Leading Museums, Museum Leaders

Italy appoints 13 “super-directors” with

Culture minister Dario Franceschini reverses trend for appointing foreign leaders for its leading institutions

Edith Gabrielli (left) and Francesca Cappelletti (right) are two of the six women hired while Stéphane Verger (centre) is the only foreigner Verger: © Romain Étienne, Item, 2016.

The Italian culture ministry has appointed new directors at 13 museums and heritage sites across the country, putting in place mainly Italian-born candidates after years of seeking foreign experts to head Italy’s most prestigious institutions. Only one of the new directors is foreign; Stéphane Verger, who has been appointed to the Museo Nazionale Romano, is French. Six of the 13 appointments are women.

The selection of the new directors (full list below) was overseen by an international commission which included Gabriele Finaldi, the director of London’s National Gallery. “[Culture minister] Dario Franceschini chose the directors of the three first-tier museums: Galleria Borghese, Museo Nazionale Romano, Vittoriano and Palazzo Venezia,” says a ministry statement.

The move is part of the Italian government’s drive to recruit so-called “super-directors” with experience of fundraising as well as scholarly credentials. Crucially this shift, which gave museums greater autonomy, was set in motion in 2015 under Franceschini when the centrist government hoped to overturn the image of outdated bureaucracy associated with Italian institutions by appointing foreign museum chiefs.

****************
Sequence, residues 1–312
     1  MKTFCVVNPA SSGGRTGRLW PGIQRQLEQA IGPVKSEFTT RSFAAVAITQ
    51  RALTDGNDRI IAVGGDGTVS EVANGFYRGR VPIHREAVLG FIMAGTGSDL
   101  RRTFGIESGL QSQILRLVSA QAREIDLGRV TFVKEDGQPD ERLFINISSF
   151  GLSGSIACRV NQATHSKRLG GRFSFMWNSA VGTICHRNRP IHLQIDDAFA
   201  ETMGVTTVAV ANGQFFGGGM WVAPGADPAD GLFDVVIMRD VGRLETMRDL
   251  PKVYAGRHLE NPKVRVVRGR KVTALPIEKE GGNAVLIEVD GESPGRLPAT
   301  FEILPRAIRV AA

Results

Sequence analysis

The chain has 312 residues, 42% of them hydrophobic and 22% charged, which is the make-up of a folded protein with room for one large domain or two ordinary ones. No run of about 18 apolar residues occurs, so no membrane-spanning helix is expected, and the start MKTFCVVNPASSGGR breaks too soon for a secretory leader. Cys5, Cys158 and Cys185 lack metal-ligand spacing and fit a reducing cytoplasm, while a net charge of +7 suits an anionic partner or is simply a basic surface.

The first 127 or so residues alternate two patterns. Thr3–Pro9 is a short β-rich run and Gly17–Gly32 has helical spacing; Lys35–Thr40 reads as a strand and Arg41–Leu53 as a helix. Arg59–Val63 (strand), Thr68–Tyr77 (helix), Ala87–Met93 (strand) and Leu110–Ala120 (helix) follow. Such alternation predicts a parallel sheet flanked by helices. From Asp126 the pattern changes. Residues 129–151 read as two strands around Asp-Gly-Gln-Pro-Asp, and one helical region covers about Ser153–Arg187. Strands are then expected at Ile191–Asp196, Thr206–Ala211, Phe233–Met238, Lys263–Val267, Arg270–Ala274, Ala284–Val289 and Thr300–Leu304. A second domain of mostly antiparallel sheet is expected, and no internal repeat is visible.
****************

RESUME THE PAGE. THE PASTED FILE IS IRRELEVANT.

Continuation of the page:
Eike Schmidt, formerly the head of decorative arts at the Minneapolis Institute of Art, was subsequently appointed head of the Uffizi Galleries in Florence. Last year Schmidt pulled out of moving to Vienna to fill the post of director of the Kunsthistorisches Museum, opting instead to remain in Florence.

Other foreign chiefs have departed in the meantime, notably the Austrian curator Peter Assmann, who resigned as head of the Palazzo Ducale in Mantua and took up a new post as head of the Austrian National Museum in Vienna. Last year, the former culture minister Alberto Bonisoli, a member of the populist Five Star Movement, announced plans to appoint more Italians to leadership positions in the country’s institutions. Franceschini was reinstated as the culture minister last September when a coalition government was sworn in.

Italy’s 13 new directors

Francesca Cappelletti at the Borghese Gallery in Rome

Stéphane Verger at the Museo Nazionale Romano (Palazzo Massimo, Terme di Diocleziano, Palazzo Altemps and Crypta Balbi)

Edith Gabrielli at the Vittoriano complex and Palazzo Venezia

Antonella Cucciniello at the Library and Monumental Complex of the Girolamini in Naples

Luigi Gallo at the National Gallery of the Marche in Urbino

Francesco Muscolino at the National Archaeological Museum of Cagliari

Maria Grazia Filetici at the National Museum of Abruzzo in L’Aquila

Annamaria Mauro at the National Museum of Matera

Stefano L’Occaso at the Palazzo Ducale in Mantua

Mario Epifani at the Royal Palace of Naples

Alessandro D’Alessio at the Archaeological Park of Ancient Ostia

Filippo Demma at the Sybaris Archaeological Park

Maria Luisa Pacelli at the National Art Gallery of Bologna

Council of Australasian Museum Directors c/o Lynley Crosswell, Museums Victoria, GPO Box 666, Melbourne VIC 3001, © CAMD 2023
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